Brighton is a summer town. One of those places where people go when it’s sunny and hot – well, Britain’s version of hot, ie slightly less freezing than usual – to sunbathe, buy overpriced candyfloss on the pier, have barbecues on the beach, romantically gaze at the stars with a loved one, or strut down West Street in absurdly tight dresses, because even Oceana in Brighton is way better than Oceana anywhere else.
In Spain, where I grew up, July and August do not tend to make people happy. It’s great for the holiday-makers, who live in air-conditioned hotel rooms with private pools, enjoying the novelty of stifling humid heat compared to the subdued UK summer they’re used to. When you live there, however, you have to go to work, do the housework, deal with family obligations and attempt to keep your body functioning despite the unpleasantly high temperatures. Having complained about enduring this for ten years, I can’t complain about our summers, where no matter how hot it gets, every evening requires a cardigan and where you will wake up the day after a heat wave to the sound of torrential rain. But for those of you who disagree and dream of retiring to a Caribbean island, I have to say you should first try spending a winter in Brighton.
When, towards the end of September, the sky starts to edge further from blue and closer to grey, when text messages from friends start to be about coming over for a warm cup of tea instead of white wine spritzers on the beach, I get a wave of nostalgia and excitement that makes people look at me like I’m some sort of crazed mutant. But bear with me, and see if I can convert you.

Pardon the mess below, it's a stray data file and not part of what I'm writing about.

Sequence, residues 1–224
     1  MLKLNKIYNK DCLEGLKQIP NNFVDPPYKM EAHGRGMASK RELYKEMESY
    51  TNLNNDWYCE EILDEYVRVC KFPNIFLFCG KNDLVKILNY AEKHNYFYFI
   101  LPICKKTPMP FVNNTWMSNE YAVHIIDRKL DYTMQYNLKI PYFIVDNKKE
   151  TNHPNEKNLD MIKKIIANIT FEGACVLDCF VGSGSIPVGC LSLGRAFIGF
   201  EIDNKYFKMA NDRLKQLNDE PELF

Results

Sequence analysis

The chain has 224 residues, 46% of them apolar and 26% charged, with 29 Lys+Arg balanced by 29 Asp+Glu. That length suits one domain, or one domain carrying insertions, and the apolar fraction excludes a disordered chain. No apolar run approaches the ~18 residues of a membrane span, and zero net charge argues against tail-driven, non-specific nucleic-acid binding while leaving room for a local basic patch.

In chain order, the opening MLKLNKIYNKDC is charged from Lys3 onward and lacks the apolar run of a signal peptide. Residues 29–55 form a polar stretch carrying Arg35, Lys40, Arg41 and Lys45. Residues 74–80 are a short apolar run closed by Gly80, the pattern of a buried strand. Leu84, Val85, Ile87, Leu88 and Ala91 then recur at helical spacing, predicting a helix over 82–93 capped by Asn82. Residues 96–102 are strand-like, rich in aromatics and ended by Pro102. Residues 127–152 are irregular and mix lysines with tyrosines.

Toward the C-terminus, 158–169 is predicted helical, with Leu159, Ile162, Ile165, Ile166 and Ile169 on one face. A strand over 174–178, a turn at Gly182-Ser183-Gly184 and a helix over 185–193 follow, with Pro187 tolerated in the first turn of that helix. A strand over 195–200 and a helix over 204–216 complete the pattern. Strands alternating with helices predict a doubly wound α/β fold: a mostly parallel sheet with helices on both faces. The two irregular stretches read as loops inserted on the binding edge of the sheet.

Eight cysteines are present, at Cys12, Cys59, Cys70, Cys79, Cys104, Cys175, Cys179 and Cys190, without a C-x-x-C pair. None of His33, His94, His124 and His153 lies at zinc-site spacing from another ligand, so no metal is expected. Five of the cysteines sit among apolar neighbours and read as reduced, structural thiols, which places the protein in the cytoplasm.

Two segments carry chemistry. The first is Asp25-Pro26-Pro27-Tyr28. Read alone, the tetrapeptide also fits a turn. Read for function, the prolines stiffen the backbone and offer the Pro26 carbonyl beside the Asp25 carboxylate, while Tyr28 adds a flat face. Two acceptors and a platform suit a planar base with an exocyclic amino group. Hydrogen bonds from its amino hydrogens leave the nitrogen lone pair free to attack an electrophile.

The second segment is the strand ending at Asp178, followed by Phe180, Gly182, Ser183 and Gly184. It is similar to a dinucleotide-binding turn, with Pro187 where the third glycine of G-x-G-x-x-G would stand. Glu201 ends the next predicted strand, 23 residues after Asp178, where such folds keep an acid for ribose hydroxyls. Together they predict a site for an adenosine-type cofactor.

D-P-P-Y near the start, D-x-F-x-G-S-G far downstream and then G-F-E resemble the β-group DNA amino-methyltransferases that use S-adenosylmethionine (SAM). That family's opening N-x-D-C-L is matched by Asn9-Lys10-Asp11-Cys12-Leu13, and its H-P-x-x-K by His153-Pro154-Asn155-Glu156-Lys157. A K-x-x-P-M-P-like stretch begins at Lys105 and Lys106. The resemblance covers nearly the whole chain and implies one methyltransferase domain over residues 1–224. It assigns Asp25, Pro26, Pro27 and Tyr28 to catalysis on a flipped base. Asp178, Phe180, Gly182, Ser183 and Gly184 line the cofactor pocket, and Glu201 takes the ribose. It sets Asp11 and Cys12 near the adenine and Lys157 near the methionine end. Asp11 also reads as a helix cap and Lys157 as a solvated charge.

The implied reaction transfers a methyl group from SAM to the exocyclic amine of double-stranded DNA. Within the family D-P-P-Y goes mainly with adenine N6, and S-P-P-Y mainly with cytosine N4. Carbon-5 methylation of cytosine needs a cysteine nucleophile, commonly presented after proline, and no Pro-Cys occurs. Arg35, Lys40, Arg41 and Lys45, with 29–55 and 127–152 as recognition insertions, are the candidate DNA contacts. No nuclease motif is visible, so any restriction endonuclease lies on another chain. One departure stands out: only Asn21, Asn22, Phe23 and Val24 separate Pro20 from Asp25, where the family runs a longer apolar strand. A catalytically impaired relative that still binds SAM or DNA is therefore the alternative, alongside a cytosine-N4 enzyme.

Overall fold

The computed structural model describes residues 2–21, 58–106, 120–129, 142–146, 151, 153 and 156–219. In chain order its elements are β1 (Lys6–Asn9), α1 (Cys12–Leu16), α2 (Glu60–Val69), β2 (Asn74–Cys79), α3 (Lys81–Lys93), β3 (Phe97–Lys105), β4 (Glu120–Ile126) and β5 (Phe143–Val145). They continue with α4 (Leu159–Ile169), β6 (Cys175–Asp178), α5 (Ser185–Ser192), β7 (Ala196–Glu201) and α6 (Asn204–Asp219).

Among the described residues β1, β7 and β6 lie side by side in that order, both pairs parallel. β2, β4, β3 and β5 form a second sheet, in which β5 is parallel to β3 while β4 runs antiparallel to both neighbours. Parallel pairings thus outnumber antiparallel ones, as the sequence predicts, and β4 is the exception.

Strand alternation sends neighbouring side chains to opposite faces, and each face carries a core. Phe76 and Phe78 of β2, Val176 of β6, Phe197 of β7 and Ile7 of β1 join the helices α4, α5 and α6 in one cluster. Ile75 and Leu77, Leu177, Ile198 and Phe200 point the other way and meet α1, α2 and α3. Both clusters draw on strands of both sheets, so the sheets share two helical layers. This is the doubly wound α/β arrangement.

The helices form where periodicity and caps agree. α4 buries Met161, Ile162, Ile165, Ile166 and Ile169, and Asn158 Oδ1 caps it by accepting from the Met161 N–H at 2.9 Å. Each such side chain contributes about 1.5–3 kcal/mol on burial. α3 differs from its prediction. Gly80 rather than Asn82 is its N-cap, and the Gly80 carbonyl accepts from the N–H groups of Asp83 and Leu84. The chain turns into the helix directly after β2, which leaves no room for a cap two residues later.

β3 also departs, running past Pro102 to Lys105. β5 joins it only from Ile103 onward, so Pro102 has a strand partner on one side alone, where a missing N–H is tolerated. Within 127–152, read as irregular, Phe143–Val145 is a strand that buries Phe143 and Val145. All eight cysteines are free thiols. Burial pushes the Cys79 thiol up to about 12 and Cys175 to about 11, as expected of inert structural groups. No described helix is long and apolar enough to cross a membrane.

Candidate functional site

I was introduced to Brighton on a typical early-winter day, one of those with rain and wind and empty streets. The beach was deserted and the waves were fighting the seagulls for the sand’s attention, both screaming as loudly as possible. Walking along the seafront in a duffel coat, my iPod untouched in my bag because there were no whining children or attention-seeking teenagers to drown out, I spent my first few days in a city that’s supposed to be unappealing for the colder half of the year. As the weeks go on and we all try to convince ourselves that wellies can actually look good if you wear them with style; there’s the anticipation of the vicious storms that make Halloween worth celebrating; the snow on Christmas day which makes you feel as if you’ve stepped into a greeting card. And most importantly for me, winter in Brighton means baking. I woke up with an urge to clean out my kitchen cupboards yesterday, I labelled tupperware and threw away stale nuts. But once October rolls along, out comes the Cath Kidston apron and charity shop recipe books. Granted, my cakes don’t always come out looking quite like in the pictures but you can’t go wrong with vast quantities of sugar, butter, flour and eggs, can you?
Being able to sit on the beach in shorts and a T-shirt and only occasionally getting goosebumps is a lovely treat for a month or two of the year, and I am the first to jump out of bed at seven on a July morning to go and walk around the bright roads watching the day slowly warm up. But I can’t deny that snuggling in bed with a bowl of porridge, a Sunday paper and the sound of the rain against my window is what I’m really looking forward to this winter. And if anyone wants some topsy-turvy brownies, knock on my door any Sunday afternoon from now until April, and I can assure you the house will be filled with the unbeatable aroma of winter baking.
Categories: Brighton Life